WASHINGTON (Reuters) - Boeing Co (BA.N) said on Monday it would suspend production of its 787 airplane at its facilities in South Carolina amid the coronavirus pandemic.
The announcement came soon after the state’s governor issued an order on Monday directing residents to stay home except for essential trips.
Boeing production will be suspended until further notice after the second shift on Wednesday. On Sunday, the largest U.S. planemaker indefinitely extended the halt of its production operations at its Washington state facilities.
On Thursday, Reuters reported that planemakers - including Boeing and Airbus SE (AIR.PA) - were looking at drastic cuts in wide-body production amid a slump in demand for the industry’s largest jetliners, citing manufacturing and supplier sources.
Deliveries of long-range jets like the Boeing 777 or 787 and Airbus A350 or A330 have been hit particularly badly as airlines seek deferrals and many withhold progress payments.
On Monday, Airbus said it would temporarily halt production at its A220/A320 manufacturing facility in Alabama because of “high inventory levels in the sites and the various government
Production in Alabama will be halted this week through April 29.
Boeing said on March 23 it would halt production at its Washington state twin-aisle jetliner factory as a temporary measure to help fight the outbreak of the respiratory disease. Production had been expected to resume early this week.
Boeing said on Sunday about 135 members of its 160,000-person global workforce had tested positive for the coronavirus.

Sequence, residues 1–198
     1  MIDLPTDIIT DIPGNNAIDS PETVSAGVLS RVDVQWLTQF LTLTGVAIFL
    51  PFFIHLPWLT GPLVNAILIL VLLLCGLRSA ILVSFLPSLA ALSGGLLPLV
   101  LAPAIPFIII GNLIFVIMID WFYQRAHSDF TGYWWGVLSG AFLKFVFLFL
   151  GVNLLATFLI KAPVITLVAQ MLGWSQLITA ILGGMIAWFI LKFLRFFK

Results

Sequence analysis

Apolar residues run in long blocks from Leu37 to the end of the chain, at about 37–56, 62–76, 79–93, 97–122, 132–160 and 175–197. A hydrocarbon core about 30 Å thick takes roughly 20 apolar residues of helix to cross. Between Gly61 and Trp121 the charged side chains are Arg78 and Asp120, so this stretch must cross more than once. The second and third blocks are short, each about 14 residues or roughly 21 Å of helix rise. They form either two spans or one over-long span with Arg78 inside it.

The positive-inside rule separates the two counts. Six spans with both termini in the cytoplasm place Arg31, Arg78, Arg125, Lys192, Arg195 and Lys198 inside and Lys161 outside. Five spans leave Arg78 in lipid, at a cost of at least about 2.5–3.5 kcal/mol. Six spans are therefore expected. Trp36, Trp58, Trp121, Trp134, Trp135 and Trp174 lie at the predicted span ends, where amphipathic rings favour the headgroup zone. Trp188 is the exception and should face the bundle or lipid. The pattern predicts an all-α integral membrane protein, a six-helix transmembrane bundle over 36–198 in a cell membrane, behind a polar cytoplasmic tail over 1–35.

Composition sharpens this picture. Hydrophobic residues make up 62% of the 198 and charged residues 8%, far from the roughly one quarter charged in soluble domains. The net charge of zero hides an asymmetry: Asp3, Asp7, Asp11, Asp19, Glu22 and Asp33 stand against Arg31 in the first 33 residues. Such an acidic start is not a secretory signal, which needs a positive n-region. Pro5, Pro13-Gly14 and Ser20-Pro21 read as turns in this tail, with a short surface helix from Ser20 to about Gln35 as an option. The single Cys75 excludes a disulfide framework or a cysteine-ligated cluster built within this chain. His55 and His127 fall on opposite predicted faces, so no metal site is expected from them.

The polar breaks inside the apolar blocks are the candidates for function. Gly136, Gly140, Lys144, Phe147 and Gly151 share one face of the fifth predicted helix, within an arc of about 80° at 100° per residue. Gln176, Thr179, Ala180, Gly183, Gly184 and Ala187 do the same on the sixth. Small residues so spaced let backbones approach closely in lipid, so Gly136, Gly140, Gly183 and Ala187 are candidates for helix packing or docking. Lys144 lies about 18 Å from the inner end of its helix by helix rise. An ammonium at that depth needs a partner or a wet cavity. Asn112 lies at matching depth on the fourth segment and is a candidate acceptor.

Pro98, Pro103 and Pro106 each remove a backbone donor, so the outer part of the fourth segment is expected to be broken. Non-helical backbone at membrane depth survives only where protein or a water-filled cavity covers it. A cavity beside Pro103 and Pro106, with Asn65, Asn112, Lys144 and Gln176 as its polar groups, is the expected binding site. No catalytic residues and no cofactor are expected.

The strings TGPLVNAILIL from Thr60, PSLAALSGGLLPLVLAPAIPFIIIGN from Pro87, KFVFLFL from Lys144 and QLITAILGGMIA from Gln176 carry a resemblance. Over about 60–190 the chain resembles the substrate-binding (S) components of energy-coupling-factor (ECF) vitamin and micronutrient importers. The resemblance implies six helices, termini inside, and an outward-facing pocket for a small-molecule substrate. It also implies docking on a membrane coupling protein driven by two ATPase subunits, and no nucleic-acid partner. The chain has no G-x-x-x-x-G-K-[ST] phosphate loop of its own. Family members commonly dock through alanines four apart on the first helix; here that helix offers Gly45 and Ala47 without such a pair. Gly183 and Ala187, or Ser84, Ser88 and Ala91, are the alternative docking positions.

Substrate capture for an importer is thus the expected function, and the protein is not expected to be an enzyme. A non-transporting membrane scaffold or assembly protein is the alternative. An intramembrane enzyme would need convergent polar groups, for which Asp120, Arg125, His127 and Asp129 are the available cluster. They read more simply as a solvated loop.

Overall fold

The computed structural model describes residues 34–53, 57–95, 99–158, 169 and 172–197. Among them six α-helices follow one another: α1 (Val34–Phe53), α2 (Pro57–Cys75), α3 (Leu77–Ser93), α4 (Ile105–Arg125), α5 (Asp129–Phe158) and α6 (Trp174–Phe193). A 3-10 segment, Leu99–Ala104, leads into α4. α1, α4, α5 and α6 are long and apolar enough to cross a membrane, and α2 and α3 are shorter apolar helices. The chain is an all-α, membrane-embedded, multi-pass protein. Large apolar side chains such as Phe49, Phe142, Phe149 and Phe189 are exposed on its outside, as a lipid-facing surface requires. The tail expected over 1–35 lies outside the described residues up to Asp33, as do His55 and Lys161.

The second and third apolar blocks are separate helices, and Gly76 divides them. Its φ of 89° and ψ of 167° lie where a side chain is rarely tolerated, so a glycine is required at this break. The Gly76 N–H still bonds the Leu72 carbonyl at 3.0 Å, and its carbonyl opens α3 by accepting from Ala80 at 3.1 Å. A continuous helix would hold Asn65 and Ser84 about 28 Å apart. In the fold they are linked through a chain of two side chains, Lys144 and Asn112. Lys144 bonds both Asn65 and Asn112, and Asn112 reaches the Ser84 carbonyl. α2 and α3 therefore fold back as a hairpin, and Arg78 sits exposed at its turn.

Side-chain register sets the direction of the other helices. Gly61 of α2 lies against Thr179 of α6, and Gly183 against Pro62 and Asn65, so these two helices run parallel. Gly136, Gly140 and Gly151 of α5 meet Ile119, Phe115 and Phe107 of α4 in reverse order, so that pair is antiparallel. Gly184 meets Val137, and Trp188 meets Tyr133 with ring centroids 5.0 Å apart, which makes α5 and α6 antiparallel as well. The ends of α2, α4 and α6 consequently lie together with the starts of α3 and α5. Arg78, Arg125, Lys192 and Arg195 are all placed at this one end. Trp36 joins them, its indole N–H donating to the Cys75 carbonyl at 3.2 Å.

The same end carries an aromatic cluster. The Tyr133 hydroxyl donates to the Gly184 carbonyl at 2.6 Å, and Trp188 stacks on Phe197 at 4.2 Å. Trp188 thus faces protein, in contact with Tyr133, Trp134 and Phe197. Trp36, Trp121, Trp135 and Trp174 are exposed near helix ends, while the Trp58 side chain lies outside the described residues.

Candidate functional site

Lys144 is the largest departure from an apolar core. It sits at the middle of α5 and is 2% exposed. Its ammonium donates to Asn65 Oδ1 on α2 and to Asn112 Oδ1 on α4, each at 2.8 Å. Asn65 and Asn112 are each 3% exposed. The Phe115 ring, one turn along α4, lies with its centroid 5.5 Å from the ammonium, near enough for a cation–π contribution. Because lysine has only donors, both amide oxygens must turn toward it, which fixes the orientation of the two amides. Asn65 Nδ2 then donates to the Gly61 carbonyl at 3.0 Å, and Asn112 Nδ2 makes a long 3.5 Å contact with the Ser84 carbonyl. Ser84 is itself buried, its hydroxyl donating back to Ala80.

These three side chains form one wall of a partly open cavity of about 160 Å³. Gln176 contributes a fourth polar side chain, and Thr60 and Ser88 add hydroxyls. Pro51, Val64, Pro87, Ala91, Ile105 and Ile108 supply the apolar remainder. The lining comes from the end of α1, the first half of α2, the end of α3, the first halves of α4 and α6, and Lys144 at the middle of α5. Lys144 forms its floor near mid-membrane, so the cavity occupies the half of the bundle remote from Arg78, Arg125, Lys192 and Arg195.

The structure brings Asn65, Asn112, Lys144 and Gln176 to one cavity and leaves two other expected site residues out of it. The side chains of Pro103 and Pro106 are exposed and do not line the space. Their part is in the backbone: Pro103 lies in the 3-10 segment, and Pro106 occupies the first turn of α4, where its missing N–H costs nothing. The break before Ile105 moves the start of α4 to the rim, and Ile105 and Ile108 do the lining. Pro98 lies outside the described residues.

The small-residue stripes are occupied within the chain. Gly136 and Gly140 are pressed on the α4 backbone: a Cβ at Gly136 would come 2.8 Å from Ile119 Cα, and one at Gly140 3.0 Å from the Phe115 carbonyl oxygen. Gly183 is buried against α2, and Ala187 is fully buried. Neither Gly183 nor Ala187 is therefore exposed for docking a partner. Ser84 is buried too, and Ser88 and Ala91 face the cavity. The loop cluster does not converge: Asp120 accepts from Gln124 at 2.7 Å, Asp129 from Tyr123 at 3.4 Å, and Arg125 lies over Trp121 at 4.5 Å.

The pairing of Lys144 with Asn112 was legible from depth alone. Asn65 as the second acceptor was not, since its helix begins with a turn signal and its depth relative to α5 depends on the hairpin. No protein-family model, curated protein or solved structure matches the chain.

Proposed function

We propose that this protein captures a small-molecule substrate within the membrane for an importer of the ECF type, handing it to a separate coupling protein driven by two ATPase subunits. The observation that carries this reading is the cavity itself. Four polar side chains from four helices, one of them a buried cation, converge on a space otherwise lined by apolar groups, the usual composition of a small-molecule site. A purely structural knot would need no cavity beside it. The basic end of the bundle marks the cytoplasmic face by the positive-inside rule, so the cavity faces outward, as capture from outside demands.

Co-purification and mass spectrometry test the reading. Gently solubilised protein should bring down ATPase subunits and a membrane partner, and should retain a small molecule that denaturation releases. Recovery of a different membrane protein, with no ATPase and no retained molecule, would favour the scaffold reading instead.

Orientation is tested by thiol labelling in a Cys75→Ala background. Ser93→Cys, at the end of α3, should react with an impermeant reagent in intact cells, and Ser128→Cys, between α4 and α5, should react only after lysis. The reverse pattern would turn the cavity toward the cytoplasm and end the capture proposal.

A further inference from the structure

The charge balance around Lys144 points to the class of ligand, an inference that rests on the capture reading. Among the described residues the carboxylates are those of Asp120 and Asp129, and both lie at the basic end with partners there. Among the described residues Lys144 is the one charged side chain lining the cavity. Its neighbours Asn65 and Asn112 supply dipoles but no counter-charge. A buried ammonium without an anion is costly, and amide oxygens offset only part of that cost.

Boeing’s airline customers have deferred taking new aircraft and making pre-delivery downpayments, compounding a crisis over the year-old grounding of Boeing’s previously fast-selling 737 MAX jet after two fatal crashes. Boeing halted 737 production in January.
Boeing asked last month for at least $60 billion in U.S. government loan guarantees for itself and other American aerospace manufacturers to help the embattled industry withstand a coronavirus-related cash drain.
Boeing said last week it would suspend operations at its Ridley Township, Pennsylvania, facilities until April 20 because of the outbreak. The site includes manufacturing and production facilities for military rotorcraft, including the H-47 Chinook, V-22 Osprey and MH-139A Grey Wolf.
Boeing said on Monday that during the 787 suspension, it “will continue to conduct enhanced cleaning activities at the site and monitor the global supply chain as the situation evolves.” Workers who cannot work remotely will receive paid leave for 10 working days of the suspension.
Reporting by David Shepardson; Editing by Sandra Maler and Peter Cooney